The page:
How do you fix crumbling concrete basement floor?

Prepare the crumbling area for a new concrete screed. Create a grout mix by combining pure cement with water in a bucket.

How do you fix crumbling concrete basement floor?

Prepare the crumbling area for a new concrete screed. Create a grout mix by combining pure cement with water in a bucket. Apply a layer of the grout mixture onto the previously shredded area with a brush. Cover the cement grout with some of the concrete mix.

Now, once it dries, you can paint it. And what I would look for is an epoxy floor paint. I like epoxy paints because they are chemically cured. When you buy the floor paint, you get the paint in a one gallon can filled with three quarters and then a quarter of hardener.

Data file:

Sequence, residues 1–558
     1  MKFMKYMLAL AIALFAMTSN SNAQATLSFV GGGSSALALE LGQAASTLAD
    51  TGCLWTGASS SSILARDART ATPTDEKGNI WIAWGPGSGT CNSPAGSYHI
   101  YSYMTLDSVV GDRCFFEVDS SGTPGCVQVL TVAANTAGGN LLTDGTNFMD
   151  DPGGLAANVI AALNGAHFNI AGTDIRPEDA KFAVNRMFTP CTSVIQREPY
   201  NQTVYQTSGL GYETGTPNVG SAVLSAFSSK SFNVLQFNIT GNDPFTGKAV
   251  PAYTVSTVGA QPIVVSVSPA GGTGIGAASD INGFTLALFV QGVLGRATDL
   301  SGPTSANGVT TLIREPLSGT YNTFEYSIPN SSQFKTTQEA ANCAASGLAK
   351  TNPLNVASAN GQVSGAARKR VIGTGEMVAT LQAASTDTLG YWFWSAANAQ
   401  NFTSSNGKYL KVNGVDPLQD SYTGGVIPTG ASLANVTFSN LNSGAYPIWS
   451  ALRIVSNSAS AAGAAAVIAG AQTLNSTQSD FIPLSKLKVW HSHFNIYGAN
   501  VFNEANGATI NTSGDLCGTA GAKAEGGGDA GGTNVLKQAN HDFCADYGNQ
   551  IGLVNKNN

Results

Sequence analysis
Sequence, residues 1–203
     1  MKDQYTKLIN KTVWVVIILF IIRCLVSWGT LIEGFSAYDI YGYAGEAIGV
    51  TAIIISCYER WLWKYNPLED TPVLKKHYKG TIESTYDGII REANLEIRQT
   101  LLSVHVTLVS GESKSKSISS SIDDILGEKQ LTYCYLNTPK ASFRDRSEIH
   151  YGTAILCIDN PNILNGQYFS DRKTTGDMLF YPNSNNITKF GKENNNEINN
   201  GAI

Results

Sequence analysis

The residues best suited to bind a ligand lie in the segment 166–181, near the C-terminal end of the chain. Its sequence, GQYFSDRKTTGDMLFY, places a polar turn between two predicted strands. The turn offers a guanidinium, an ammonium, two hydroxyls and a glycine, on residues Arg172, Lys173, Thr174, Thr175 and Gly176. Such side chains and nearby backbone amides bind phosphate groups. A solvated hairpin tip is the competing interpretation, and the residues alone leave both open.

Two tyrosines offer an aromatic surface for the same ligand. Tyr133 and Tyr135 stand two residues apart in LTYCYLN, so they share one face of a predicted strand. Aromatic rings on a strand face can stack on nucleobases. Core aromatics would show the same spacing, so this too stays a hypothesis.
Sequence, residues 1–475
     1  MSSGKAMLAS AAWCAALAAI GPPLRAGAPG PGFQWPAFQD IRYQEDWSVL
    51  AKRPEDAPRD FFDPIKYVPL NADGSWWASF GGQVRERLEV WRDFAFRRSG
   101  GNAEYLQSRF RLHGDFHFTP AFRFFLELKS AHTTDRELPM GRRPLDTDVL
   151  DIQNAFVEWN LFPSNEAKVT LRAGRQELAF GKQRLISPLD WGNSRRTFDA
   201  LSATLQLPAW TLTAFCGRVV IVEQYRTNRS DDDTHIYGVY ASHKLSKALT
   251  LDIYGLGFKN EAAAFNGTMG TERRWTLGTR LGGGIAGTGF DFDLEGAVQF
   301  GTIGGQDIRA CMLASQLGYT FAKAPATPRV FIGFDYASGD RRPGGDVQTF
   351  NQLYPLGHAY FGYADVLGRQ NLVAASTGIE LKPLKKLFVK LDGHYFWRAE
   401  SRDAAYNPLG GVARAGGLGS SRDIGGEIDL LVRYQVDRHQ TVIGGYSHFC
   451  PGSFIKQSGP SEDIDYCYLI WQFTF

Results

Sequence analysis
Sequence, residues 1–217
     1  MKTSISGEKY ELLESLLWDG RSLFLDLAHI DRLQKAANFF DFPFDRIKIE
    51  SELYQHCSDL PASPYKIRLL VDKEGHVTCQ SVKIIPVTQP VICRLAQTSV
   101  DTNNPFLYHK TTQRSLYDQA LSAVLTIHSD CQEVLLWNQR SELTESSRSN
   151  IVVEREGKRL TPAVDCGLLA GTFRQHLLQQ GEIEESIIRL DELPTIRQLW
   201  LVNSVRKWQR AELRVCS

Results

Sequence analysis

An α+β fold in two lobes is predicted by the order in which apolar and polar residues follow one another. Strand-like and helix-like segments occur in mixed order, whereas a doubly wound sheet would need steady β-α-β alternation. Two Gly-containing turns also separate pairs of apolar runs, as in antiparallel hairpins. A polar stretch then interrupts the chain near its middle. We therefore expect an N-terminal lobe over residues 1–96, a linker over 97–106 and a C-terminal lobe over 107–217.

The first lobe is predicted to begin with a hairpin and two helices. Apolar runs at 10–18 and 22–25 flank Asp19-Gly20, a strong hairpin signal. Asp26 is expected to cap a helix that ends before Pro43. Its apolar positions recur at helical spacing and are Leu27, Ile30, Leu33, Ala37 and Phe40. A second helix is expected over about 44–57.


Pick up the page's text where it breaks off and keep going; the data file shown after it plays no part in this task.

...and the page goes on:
You mix them, remove them and then apply the paint. Sometimes there is an additive that enters after the fact that it gives the floor some texture and helps to hide dirt. But patching it first and then adding an epoxy paint will make it look like new in no time. The most common problem you can see is the cobweb-like cracks in the basement floor.

Sometimes masonry caulking, a paint job or a quick visit by Cummins restoration team quickly solve the problem. These surface cracks are actually dependent on moisture and the amount of shrinkage that has occurred. If you are not sure if the floor cracks are serious, call Cummins Restoration to schedule an inspection. We will evaluate what you need for repair.

Holes 1 inch or deeper require a concrete mix with coarse crushed stone aggregate, which adheres well to existing concrete. Shallower holes need a sand mixture. Whichever type you use (both are available in home care facilities), follow these steps. The ground was at some point in time, but now with water always on it there are cracks and missing pieces of 3 in diameter here and there and they are sprayed into small stones and dust.